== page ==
Sine and consine gives erroneous values for large arguments

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#1 Anders Björk

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Posted 12 September 2008 - 07:25 PM

Dear all

Sin and cos functions gives non bound values if the argument is large than 9.2e18 then it will output a value in the same region. This could introduce large error if labview would be used for certain simulations. I also note the there is not a word in the help text about this.

I have tested it in both 7.1.1 and 8.5.1. I hope it doesnt work this way in 8.6.

#2 François Normandin

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Posted 12 September 2008 - 11:04 PM

It's happening in 8.6 too.
We're at the limit of resolution of the algorithm. In DBL precision, this happens around 1E+14 or so.
I tried to wrap the Large EXT control to 0-2pi interval and I should have gotten the full EXT resolution (see pic)
Except that the division seems to be suffering from the same problem and it doesn't work. Since the sine and cosine are most probably calculated using some Taylor series (x^n/n! type of equation), we run into serious problems with 9E18^n/n!. I don't know which "n" is being computed, but if you compute until you converge, it could explain the algorithm becoming unstable.

François [frɑ̃swa], CLA

#3 brian

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Posted 13 September 2008 - 04:57 PM

We basically pass the number directly to the "fsin" x87 instruction, and depend on it to produce a reasonable result.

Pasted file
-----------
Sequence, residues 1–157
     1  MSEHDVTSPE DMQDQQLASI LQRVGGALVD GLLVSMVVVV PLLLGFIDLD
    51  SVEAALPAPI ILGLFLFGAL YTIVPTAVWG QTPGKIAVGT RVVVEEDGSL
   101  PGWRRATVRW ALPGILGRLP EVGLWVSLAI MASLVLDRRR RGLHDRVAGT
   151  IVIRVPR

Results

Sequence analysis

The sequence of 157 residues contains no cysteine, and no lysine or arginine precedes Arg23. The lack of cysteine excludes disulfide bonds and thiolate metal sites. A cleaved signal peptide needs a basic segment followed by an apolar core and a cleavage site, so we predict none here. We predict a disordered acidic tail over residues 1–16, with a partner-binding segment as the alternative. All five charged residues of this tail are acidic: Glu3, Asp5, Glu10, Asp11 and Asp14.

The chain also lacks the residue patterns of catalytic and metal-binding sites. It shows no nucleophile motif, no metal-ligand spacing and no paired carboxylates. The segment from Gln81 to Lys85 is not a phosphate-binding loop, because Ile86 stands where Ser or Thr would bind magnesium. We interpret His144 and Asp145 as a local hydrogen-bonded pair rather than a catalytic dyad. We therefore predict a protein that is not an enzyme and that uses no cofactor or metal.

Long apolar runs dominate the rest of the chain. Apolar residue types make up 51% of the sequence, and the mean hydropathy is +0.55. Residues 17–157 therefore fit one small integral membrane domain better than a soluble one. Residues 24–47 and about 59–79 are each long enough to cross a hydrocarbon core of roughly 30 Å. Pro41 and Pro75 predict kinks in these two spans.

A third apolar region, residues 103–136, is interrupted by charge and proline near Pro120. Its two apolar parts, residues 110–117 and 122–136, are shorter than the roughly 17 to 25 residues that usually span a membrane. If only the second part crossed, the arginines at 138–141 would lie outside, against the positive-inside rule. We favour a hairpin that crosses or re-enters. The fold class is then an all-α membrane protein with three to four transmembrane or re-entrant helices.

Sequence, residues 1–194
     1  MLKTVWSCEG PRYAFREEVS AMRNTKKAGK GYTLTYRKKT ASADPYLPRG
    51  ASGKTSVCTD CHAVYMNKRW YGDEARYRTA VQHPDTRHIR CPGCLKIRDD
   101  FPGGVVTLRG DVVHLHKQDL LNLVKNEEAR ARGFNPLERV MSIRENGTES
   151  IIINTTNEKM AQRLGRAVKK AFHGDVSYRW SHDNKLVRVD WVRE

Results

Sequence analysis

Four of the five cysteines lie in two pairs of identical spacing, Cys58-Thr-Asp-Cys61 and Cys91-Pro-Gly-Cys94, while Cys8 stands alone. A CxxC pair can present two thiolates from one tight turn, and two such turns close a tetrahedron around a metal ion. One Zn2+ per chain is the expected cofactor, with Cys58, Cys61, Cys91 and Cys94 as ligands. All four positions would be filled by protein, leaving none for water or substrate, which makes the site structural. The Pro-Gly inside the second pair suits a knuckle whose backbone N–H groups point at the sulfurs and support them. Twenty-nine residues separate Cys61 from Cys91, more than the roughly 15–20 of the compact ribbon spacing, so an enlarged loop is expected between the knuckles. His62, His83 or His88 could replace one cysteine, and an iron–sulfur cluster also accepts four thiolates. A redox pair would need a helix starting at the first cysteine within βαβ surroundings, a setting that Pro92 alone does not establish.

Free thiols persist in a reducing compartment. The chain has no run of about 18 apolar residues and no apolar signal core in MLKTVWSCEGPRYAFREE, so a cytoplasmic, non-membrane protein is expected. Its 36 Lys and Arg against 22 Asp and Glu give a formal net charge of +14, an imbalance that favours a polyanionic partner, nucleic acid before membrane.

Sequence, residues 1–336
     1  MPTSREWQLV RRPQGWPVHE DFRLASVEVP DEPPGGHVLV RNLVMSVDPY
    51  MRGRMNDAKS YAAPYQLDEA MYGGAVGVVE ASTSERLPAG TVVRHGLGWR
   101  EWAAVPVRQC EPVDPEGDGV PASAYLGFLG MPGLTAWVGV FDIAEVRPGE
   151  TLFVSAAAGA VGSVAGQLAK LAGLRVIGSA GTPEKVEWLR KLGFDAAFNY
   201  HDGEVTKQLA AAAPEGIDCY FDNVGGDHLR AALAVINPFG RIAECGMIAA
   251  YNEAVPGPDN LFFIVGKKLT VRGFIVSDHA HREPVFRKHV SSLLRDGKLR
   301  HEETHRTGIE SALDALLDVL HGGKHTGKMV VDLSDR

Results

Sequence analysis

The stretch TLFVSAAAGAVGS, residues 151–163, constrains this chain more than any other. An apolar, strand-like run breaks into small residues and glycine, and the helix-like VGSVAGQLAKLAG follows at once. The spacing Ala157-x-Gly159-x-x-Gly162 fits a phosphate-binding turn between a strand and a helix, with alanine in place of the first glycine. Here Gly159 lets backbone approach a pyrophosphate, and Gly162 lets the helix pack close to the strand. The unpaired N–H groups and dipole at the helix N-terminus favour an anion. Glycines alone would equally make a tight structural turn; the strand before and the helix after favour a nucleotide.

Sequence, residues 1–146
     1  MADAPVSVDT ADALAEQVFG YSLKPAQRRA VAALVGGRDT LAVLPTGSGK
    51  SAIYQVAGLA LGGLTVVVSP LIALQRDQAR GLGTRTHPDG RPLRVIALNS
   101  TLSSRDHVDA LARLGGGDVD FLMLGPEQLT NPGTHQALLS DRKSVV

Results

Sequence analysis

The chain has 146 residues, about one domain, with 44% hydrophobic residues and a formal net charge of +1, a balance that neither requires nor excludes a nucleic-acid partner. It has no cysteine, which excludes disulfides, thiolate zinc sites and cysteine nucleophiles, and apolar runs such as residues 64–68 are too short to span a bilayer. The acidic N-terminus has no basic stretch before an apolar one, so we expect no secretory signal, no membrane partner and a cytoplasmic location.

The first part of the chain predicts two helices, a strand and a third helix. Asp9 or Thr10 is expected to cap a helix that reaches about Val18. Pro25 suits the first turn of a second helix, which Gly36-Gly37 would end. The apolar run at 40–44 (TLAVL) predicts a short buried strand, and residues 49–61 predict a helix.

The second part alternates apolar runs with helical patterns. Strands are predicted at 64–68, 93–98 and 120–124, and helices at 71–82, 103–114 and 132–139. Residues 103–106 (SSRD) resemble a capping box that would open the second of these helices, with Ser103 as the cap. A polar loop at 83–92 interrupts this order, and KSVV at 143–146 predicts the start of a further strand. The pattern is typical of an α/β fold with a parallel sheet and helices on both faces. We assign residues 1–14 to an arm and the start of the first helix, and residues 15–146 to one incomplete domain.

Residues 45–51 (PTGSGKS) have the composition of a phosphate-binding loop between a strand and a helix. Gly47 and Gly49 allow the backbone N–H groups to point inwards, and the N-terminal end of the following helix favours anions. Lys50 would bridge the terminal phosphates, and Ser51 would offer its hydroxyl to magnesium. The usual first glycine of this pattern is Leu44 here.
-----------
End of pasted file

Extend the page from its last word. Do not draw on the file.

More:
The Intel processor does not, when the input is large.

For example, if I have "1e19" at the top of the floating point stack, and execute the "fsin" instruction, the top of the floating point stack is supposed to change to the result of sin(1e19). Instead, it just leaves the top of the stack alone. LabVIEW reflects the results of the instruction, even though the instruction doesn't do the right thing. Note that Intel documents that the domain of fsin is +/- 2^63.

We've known about this for some time, and were unsure whether the performance tradeoff was worth it. (Of checking the domain or range and doing a different algorithm.) We'll look at it again.

Note that non-Intel processors generally behave better in this area.

Brian

#4 Anders Björk

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Posted 17 September 2008 - 09:37 PM

Brian

Ihope you are not using the same code for the math scripts, because it would indeed give strange results when moving code from matlab to the math script. Matlab handles large arguments well.

How does other major program languges handle this case with large arguments to sine functions?

#5 shoneill